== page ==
“I guess you’re right there. Preschoolers carrying around a stuffed animal is normal.”
“There’s a kid in his class at school that still uses a pacifier, but most Preschoolers have given those up. I don’t want to re-introduce those unless I have to.”
“He was really addicted to those things as a baby. He was what, four, before he finally gave them up completely?”
“Yeah, when upset or tired as a three and four-year-old, a pacifier was still the best way to calm him down. He never used one beyond his third birthday for other purposes though, so I’m not planning on bringing those back.”
“Ahhh, I see your logic now,” Dad expressed. “Pull-Ups, bibs, lidded cups, strollers, and carrying around stuffed animals were all common and accepted when he was three and four. If he has regressed to that level, I see why you are considering them. Diapers weren’t though.”
“No,” Mom confirmed. “We had him out of diapers shortly after his third birthday, but he was in and out of Pull-Ups until he was almost six. With the Covid Legions on his bladder and bowel, the doctor said he will never gain full control. If that is reality, either we are constantly on guard in toilet training mode for the rest of our lives, or we just put him back in a diaper. Yeah, there are times that he can go a few days without any accidents, but then there are weeks on end where he has several accidents a day. Not sure it is worth stressing him out on toilet training if he will never master it.”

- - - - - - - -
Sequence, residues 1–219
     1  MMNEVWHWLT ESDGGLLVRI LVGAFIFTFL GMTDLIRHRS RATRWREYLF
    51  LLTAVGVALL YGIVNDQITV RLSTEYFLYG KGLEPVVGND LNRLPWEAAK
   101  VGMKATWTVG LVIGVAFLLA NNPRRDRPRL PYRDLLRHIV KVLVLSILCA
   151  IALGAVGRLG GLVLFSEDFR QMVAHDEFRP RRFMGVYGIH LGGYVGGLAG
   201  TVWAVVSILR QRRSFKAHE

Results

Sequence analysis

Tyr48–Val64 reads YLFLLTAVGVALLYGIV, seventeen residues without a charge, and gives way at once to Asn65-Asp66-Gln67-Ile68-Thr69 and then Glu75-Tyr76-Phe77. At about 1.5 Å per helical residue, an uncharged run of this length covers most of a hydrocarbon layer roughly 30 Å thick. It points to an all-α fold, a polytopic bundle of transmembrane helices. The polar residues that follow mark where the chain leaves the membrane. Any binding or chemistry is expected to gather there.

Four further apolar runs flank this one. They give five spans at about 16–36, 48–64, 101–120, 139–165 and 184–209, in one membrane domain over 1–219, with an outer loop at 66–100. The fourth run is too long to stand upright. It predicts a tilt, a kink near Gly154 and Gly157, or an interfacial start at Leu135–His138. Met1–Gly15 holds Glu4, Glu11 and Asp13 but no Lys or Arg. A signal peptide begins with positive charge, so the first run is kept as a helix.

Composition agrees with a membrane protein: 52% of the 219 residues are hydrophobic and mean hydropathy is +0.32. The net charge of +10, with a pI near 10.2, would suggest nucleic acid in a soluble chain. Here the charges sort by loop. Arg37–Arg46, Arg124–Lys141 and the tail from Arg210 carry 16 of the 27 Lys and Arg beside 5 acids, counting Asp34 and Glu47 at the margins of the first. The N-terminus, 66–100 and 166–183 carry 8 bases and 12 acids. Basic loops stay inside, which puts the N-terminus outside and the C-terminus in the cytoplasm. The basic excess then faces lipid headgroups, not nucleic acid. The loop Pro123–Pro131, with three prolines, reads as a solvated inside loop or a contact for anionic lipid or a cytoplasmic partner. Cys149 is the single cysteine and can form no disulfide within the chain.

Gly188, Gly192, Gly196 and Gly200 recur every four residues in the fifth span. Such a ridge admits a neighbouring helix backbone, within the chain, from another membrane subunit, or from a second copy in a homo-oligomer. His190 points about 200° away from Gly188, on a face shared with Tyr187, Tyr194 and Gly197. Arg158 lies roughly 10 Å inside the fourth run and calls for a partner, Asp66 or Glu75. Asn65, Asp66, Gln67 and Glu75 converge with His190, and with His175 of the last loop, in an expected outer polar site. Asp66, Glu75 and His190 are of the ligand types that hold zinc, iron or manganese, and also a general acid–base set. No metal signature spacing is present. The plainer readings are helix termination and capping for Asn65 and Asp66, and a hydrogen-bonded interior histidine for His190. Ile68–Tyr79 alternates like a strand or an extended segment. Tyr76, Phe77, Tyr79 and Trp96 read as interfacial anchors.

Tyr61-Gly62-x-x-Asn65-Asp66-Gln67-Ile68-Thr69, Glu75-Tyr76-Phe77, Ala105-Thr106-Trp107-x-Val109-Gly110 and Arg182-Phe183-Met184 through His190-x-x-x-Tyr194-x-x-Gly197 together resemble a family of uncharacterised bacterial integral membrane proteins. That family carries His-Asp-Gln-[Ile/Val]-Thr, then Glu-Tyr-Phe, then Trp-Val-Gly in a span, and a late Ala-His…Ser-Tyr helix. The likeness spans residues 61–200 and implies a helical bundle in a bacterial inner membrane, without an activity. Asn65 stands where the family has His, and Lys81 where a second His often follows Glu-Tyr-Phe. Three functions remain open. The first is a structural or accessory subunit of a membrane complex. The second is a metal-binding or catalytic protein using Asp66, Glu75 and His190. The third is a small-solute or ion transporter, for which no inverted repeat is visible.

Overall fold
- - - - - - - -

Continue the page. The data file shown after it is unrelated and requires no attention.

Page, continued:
“I don’t exactly like changing poopy diapers,” Dad commented.
“Yet, we deal with one of those on most days even with him in Pull-Ups. Diapers will do a much better job of containing the mess.”
“Our eleven-year-old, diaper wearing, preschooler,” Dad stated. “I guess I will just need to accept that. Just not sure how we’re going to handle it when he’s six feet tall.”
“We should probably look into a changing table big enough for him.”
“I wonder how much that will cost.”
“Less than the back problems we will get by changing him on the floor or his bed.”
“Okay, okay, good point.”
“At least he doesn’t need a crib,” Mom commented. “Many of the kids who were two years younger than him when they got Covid, regressed back to a stage where they still need a crib.”
“Yeah, I guess things could be worse,” Dad smiled at me.
“The doctor said the typical regression was 2 to 5 years. Luke was six when he got sick. If he had lost five years, he would be functioning at a one-year-old level.”
“I can’t even imagine raising a one-year-old for life,” Dad commented. “Luke can at least talk, walk, and feed himself.”
Mom gave Dad a hug and then helped me clean up my toys before taking me back to my room to get ready for bed.
As Mom zipped up my footed PJ’s, “Well Kid-o, tomorrow I am going to buy some diapers for you, and we will switch to diapers instead of Pull-Ups.”
“Susan wears diapers with rainbows and unicorns on them,” I stated. “Will my diapers have rainbows and unicorns?”
Mom smiled at me, “Probably not Lukey. Susan is a girl and wears girl diapers. You are a boy and will wear boy diapers. Boy diapers don’t usually have unicorns and rainbows on them.”
“Why? Boys like unicorns and rainbows.”
Mom chuckled, “Yes they do Lukey, but girls like them a lot more than boys.”
Mom lifted up my sheets and blanket so I could climb into bed.
“Am I going to Preschool next year? That why I need to wear diapers?”
Mom tucked me in and ruffled my hair, “No silly. You’re going back to diapers because that Yucky Covid-19 bug made it so you can’t learn to use the toilet. So, we will just stop Potty time and just put you back in diapers.”
“Okay,” I said as I snuggled down into my pillow, hugging my stuffed Panda Bear.
After reading me a bed-time story and kissing me on my forehead, Mom said, “Good-night Lukey.”
“Nighty Night Mommy.”
Mom turned on my star projector music box and the baby monitor. She then went to the door and turned off the light. Leaving the door open just a crack, she left as I dozed off to sleep.